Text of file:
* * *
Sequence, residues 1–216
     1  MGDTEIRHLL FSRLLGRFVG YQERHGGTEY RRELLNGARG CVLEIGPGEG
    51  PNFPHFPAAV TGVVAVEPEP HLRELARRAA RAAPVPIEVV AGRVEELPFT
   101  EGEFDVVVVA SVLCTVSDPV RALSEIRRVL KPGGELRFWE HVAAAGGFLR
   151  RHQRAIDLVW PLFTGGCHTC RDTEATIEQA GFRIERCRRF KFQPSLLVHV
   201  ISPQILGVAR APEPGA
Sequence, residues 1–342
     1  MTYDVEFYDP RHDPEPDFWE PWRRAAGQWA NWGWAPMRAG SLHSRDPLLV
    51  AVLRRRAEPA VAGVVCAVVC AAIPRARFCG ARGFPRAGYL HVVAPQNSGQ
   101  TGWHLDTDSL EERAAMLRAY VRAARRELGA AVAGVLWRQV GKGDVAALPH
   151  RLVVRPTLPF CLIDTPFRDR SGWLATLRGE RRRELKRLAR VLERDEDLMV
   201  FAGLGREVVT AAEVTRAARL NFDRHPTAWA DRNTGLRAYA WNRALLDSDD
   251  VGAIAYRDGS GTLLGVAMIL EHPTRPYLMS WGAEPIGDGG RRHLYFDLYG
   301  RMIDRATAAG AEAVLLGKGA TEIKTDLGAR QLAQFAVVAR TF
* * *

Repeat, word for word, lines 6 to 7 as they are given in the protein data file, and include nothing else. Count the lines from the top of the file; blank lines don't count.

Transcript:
   201  ISPQILGVAR APEPGA
Sequence, residues 1–342